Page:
Turtle Power!: New documentary chronicles three decades of the Teenage Mutant Ninja TurtlesWritten by Jeff McGinnis | | firstname.lastname@example.org
Thirty years ago. Before there was a big budget reboot at the top of the box office. Before the franchise was owned by Nickelodeon. Before the many animated and live-action TV series. Before the first movie in 1990, and its sequels. Even before the original animated show’s theme song informed us that “Michelangelo is a party dude.”
Before it all, there was a simple, self-published, black-and-white comic book entitled “Teenage Mutant Ninja Turtles.” Co-created by artists Kevin Eastman and Peter Laird, the first book was dark, violent, gritty and not-at-all kid friendly. All the elements were there — the four leads, their rat-human sensei Splinter, their evil rival Shredder and his minions the Foot clan. But they would all undergo an evolution to become the phenomenon that the Turtles remain for generations of fans both young and young-at-heart.
Those early days and the growth of the franchise into its iconic status are the focus of “Turtle Power: The Definitive History of the Teenage Mutant Ninja Turtles,” a new documentary released August 12 on DVD. Produced by FauxPop Media, a relatively new production company out of Canada, the film gives fans unprecedented access to the history of the franchise, with interviews from all involved trying to answer the most intriguing-yet-complicated question: Why?
“You have a few things working in concert,” said Randall Lobb, director of the documentary. “One of them is archetypes. And I don’t know if Kevin and Peter in any way would have even read Joseph Campbell, but they’ve certainly got archetypes in it. You’ve got family in the mythology. You’ve got the sensei, the wise master. You’ve got the trickster character. You’ve got the wisecracker. You’ve got the leader. … All these things are very archetypal.
“So if I’m a child, I can see many things in here that will attach, things that are important, that will attach to me.”
Lobb understands all about how such things can grab a young imagination and never let go. It was his own childhood obsessions that led to his desire to be a filmmaker. “When I was a kid, I was one of these guys that had a very rich and fertile fantasy life and imagination. And people who are like that tend to want to bring their imagination into the real world. So, probably one of the best ways to do that when you were a little kid was with the Super 8 cameras, and so I was always doing it.”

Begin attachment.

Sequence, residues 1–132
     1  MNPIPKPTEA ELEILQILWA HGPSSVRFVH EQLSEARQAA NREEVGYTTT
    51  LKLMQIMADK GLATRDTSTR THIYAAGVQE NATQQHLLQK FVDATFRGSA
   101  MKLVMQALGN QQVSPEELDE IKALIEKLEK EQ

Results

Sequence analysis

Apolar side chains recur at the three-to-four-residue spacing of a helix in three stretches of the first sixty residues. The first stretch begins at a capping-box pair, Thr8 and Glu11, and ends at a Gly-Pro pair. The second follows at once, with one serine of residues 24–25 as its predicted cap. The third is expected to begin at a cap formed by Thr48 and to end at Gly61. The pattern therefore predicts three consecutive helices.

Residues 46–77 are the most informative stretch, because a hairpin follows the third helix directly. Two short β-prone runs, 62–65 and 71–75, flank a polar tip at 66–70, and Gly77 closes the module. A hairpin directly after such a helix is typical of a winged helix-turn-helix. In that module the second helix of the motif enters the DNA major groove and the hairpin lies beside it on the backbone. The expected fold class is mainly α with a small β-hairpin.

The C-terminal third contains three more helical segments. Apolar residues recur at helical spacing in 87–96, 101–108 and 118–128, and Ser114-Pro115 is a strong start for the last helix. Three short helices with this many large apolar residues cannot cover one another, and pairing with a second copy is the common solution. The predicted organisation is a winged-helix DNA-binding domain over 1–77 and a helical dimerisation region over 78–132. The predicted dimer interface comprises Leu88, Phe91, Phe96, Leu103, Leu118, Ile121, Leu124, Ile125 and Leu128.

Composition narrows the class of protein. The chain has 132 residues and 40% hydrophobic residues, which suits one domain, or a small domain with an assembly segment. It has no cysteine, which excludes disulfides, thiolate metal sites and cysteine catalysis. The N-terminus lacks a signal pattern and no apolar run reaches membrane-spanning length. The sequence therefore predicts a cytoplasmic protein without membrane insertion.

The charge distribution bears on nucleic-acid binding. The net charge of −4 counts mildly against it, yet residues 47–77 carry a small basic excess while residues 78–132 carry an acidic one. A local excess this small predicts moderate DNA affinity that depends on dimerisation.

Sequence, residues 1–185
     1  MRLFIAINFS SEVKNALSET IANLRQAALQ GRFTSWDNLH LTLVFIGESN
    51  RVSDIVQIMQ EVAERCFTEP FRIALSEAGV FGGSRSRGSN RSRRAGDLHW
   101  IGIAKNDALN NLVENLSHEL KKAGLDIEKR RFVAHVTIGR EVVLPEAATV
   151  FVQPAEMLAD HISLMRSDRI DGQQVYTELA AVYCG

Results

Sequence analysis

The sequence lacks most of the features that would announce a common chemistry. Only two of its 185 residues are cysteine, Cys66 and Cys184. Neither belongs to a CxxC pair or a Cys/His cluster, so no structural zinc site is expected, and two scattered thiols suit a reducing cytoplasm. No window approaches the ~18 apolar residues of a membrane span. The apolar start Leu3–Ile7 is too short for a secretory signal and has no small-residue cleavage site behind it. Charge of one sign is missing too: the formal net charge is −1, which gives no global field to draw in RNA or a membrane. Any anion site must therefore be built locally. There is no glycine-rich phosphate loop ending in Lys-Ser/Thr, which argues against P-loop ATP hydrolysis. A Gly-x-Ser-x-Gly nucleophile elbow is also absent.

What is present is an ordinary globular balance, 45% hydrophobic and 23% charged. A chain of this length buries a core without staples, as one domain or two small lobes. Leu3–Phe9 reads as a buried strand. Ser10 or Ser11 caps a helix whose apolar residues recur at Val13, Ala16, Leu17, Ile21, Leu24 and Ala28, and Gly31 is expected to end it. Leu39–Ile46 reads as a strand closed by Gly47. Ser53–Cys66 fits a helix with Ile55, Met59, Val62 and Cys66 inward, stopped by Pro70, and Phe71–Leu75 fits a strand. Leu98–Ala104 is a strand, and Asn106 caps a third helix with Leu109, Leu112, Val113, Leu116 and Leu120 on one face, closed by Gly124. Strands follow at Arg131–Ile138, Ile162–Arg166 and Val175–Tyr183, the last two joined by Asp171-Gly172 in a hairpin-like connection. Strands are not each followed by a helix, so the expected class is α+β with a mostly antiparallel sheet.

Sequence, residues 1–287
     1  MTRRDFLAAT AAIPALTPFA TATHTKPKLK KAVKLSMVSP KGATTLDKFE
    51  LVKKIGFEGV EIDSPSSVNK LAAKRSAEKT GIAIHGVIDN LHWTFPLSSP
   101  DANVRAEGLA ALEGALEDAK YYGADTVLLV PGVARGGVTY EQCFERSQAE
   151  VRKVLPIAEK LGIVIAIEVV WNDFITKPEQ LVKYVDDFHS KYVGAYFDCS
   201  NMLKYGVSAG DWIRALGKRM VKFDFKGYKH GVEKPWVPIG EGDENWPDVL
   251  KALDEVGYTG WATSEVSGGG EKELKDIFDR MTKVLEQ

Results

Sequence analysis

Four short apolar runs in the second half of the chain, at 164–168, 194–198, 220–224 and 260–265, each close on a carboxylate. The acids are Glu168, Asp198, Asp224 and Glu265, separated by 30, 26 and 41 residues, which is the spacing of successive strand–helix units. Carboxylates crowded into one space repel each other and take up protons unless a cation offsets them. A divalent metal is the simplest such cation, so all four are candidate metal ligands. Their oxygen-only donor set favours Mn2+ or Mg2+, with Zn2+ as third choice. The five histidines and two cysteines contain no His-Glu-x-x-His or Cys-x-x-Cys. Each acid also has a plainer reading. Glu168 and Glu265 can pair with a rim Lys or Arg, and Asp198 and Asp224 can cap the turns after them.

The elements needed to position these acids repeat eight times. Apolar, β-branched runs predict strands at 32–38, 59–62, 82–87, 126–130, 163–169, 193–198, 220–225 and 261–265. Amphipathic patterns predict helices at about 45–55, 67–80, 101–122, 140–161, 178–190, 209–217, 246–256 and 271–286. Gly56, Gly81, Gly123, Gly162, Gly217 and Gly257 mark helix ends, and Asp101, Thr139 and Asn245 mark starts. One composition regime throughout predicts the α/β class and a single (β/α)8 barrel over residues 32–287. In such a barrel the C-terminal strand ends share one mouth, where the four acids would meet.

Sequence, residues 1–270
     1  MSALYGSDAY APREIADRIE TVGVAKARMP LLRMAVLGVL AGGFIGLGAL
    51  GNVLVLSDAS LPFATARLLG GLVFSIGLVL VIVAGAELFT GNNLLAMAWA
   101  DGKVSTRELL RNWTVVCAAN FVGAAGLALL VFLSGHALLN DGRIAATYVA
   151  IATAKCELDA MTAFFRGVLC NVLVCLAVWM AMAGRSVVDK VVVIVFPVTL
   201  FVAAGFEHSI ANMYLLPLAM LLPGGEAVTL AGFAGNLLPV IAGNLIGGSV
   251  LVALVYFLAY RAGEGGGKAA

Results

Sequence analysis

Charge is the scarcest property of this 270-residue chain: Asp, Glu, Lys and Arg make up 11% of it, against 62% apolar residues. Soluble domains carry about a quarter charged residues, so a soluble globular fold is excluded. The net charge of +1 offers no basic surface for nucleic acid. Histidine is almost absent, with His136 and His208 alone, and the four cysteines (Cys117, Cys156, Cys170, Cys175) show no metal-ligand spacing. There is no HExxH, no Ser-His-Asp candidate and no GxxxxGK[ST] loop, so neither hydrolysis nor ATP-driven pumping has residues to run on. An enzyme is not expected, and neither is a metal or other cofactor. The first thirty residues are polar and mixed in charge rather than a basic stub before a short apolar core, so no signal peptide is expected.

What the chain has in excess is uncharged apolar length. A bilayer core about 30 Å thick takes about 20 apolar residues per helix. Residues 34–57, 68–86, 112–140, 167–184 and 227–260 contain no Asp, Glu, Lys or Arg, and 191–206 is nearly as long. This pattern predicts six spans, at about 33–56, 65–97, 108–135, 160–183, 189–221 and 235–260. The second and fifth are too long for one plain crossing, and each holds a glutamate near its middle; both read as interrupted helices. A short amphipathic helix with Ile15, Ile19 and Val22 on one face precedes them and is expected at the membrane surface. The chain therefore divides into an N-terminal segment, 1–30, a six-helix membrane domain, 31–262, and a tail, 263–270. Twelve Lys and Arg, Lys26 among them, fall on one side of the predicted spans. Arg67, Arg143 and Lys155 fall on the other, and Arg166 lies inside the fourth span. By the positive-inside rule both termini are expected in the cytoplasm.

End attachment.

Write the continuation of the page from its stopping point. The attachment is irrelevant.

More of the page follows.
After founding FauxPop Media with his partner Mark Hussey, the pair began work on a wide variety of media concepts, from commercials to music videos and documentaries. But they were still looking for a new project that might draw attention to their young company. Enter another filmmaker named Isaac Elliott-Fisher — about half the FauxPop partners’ age, and a die-hard Turtles fan.
“So this kid approached my partner Mark Hussey and I, and he said, ‘You know what I’d like you to do, I’d like you to help me make a documentary about the Teenage Mutant Ninja Turtles.’ And I said, ‘No way.’ And at the exact time I said that, my partner said, ‘Yeah.’ And Mark and I had been talking about finding a feature project, that we could generate a small audience … this grassroots thing, get a thousand people to like it, and then sell it, and hopefully break even.
“And of course, as soon as I said no, I realized, ‘Oh! This is pretty good.’”
The original idea was not an overarching, comprehensive history of the Turtles. Just a small look at the origins, interviews with the original creators, maybe the beginnings of the expansion into toys and TV that made them a phenomenon. But what Lobb and his collaborators discovered was that in this world, knowledge is like dominos. You knock over one, and before you know it, thousands more follow.
“We don’t have to do all of it. In our minds, we would do a small corner of it. We were going to look at one aspect. And Isaac was a very hardcore fan. Mark and I, we knew about it, but it wasn’t something big on our wish list or anything. But as we got into it, we sort of opened a box, that opened a box, that opened a box, that opened a box,” Lobb said.
“Eventually, we had all this stuff that we had collected. And we had what turned out to be, not just ‘Turtle Power,’ but we could probably make three more ‘Turtle Power’s.”
Lobb said he hopes fans come away from the film with a better understanding of the people behind the characters. “I want people to look at it and say, that there are human beings who are doing things. These are stories about turtles, but they’re written by people, who faced incredible odds and pursued their dreams, and did what they love. And they still love it.”
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